Category: blogSource: zerohedgeNov 8th, 2021

Bond Market Volatility Surges To 18-Month-Highs Ahead Of Fed Taper Talk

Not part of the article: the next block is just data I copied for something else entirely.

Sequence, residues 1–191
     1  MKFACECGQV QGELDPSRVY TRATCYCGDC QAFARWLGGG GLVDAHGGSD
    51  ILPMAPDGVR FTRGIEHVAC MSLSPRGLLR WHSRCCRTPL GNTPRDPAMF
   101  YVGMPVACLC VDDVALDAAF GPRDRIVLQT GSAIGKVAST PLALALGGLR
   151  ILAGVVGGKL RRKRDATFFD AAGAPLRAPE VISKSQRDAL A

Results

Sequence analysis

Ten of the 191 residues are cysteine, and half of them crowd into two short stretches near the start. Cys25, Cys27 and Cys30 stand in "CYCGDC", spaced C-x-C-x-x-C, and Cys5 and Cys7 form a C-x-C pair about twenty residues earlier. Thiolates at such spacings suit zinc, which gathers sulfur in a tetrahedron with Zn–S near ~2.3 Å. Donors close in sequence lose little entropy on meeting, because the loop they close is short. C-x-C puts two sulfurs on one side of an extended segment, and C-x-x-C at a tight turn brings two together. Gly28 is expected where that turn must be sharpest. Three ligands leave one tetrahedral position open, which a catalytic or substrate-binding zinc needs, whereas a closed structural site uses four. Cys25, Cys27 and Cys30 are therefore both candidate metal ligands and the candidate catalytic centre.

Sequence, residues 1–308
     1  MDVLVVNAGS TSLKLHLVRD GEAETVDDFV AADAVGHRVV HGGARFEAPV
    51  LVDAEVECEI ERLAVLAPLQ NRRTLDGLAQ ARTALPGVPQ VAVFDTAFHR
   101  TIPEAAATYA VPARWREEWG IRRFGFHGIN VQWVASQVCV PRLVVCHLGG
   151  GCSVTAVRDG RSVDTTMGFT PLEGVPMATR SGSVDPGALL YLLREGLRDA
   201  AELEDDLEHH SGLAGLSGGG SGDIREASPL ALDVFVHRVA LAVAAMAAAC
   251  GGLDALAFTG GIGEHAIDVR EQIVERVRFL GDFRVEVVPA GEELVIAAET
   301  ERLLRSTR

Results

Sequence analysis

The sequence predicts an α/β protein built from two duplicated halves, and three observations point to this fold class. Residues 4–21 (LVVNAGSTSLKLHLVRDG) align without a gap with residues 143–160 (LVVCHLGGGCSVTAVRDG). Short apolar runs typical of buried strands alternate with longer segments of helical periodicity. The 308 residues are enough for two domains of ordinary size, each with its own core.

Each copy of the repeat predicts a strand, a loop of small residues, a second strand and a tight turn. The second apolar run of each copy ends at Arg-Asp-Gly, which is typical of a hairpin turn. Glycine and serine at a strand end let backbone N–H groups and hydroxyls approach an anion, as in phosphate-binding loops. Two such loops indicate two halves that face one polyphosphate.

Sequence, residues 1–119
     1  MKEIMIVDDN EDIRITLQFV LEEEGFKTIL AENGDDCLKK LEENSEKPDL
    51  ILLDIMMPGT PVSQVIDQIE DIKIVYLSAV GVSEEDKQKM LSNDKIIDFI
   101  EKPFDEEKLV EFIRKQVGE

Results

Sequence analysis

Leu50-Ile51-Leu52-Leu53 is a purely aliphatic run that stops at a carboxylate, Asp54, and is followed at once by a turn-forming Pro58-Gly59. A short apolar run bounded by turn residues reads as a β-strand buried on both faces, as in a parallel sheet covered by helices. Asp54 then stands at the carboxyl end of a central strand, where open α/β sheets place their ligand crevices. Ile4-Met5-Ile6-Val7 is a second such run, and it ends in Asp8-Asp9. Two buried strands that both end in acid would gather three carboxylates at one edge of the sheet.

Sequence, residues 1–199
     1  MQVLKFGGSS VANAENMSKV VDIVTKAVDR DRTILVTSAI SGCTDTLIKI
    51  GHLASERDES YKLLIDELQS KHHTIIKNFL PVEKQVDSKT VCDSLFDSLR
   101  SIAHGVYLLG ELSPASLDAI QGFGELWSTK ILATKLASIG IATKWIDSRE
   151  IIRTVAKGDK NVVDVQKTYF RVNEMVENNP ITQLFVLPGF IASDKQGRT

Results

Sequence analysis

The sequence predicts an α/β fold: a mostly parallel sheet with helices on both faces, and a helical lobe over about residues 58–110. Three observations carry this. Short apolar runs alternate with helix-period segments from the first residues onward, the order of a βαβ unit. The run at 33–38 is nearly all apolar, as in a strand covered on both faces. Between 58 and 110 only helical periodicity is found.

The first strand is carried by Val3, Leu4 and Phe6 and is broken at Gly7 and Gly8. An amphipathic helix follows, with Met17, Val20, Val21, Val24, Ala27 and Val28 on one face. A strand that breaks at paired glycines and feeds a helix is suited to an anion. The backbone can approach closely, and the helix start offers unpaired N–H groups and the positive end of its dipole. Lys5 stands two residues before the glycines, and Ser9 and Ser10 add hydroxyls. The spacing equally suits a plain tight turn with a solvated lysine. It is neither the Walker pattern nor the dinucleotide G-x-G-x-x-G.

Bond Market Volatility Surges To 18-Month-Highs Ahead Of Fed Taper Talk As LongTail Alpha's founder, Vineer Bhansali, notes, pension fund managers have started asking him for guidance on how to best protect their portfolios against interest-rate volatility. “That tells you they are getting worried,” he says. At some point, he adds, “markets are just going to break in some parts. It will be a fun time to trade.” Nowhere is that fear more evident currently than in Treasury bond options markets. The MOVE Index, akin to the VIX index on Treasuries, is spiking, signaling investors are increasingly worried about immediate risk surrounding tomorrow's Fed announcement, most specifically Powell's potential plans to taper bond purchases. (The MOVE Index is a yield-curve weighted index of the normalized implied volatility on 1-month Treasury options. It incorporates the weighted average of vols on the current 2Y, 5Y, 10Y, & 30Y bond.) The spike in the index to the highest levels since April 2020 suggests some front-running in Treasuries is taking place, brokers told Bloomberg's Alyce Andres (but it could also be linked to major dislocations and low liquidity in the back end of the curve). Meanwhile, the VIX Index, pricing expected volatility of the S&P 500, trades around 16. In April 2020, when the MOVE Index was near current levels, the VIX was trading at almost 50. Interestingly, MOVE has normalized back to pre-COVID levels relative to VIX here... Bloomberg also notes that last week's massive cheapening in the 20Y bond (and inversion to the 30Y) continues to see aftershocks (reportedly forcing relative-value and hedge funds to liquidate paper, brokers confirm). The 5s30s curve has collapsed... And 20s30s is inverted for the first time ever... Bear Traps recently summarized this dynamic perfectly: For much of the last two years, price discovery across global government bond yield curves has been suppressed. As we stressed in recent months, "Adam Smith's hands are being tied behind his back." Free markets have not existed in a covid world.  Now central banks are pulling away and the moves across the front and long-end of yield curves are colossal. It's ALL ABOUT the rate of change. In macro rates, the body bags are piling up this week. The losses are enormous across this section of the hedge fund community. As one large whale gets stopped out, he takes the smaller players with him / her. There is a lot more risk out there than meets the eye. In US rates, the 20 and 30-year bonds both yield 1.77%, we touched inversion today. We are NOT seeing real economic growth, bonds are telling us real demand destruction is here. Inflation has already hiked rates 200bps for the Fed. So what happens next? We recently put it all together: The liquidity in what is supposed to be the deepest, most liquid market in the world, is collapsing. In a time when the Fed is still injecting $120BN in liquidity every month, we just observed an event that has only happened on prior previous occasions - Oct 2nd 2017, Aug 19th 2020 and Feb 25th 2021. One can only imagine what happens to liquidity when the Fed begins to taper. As liquidity evaporates, rate vol is accelerating and dislocations across the yield curve accelerate, with bond vol surging while equity vol is completely ignoring the turmoil in the bond market. Eventually equity vol catches up to rates. Some extremely levered multistrat hedge funds are reprising LTCM and piling into treasury/futures basis trades - the same trades that blew up spectacularly in Sept 2019 and March 2020. As hedge funds pile into new flattener basis trades, others are liquidating basis steepeners, in some cases at huge margin call inducing losses, which force them to liquidate other performing assets. A positive feedback loop emerges as liquidity shrinks further while volatility rises as the basis trade funnel gets wider, and more enter while those hoping to exit hold off until the last moment. We hit a tipping point where all basis trades are no longer viable as there is simply not enough liquidity to put new trades on. That's the moment everyone starts rushing for the exits, and as Sept 2019 and March 2020 showed us, that's precisely the catalyst for a cross-asset crash, as basis trading funds scramble to boost liquidity while repo markets lock up. The result is a surge in volatility in underlying assets (TSYs), but also a freeze in the funding pathways (i.e. repo) that are used by the funds to fund said trades. Eventually, Fed steps in to bail out some of the world's richest hedge fund managers, usually under the guise of some social calamity, like - for example - a viral pandemic. We are currently toward the end of step 6 of this checklist. Tyler Durden Tue, 11/02/2021 - 10:45.....»»